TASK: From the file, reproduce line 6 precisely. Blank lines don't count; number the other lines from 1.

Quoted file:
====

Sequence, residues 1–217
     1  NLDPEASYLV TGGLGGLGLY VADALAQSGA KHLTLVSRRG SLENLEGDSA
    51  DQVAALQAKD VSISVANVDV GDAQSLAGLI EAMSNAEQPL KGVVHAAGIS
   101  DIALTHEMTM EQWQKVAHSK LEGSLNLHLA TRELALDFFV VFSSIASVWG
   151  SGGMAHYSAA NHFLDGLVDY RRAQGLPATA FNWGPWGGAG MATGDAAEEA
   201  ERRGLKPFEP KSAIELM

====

   201  ERRGLKPFEP KSAIELM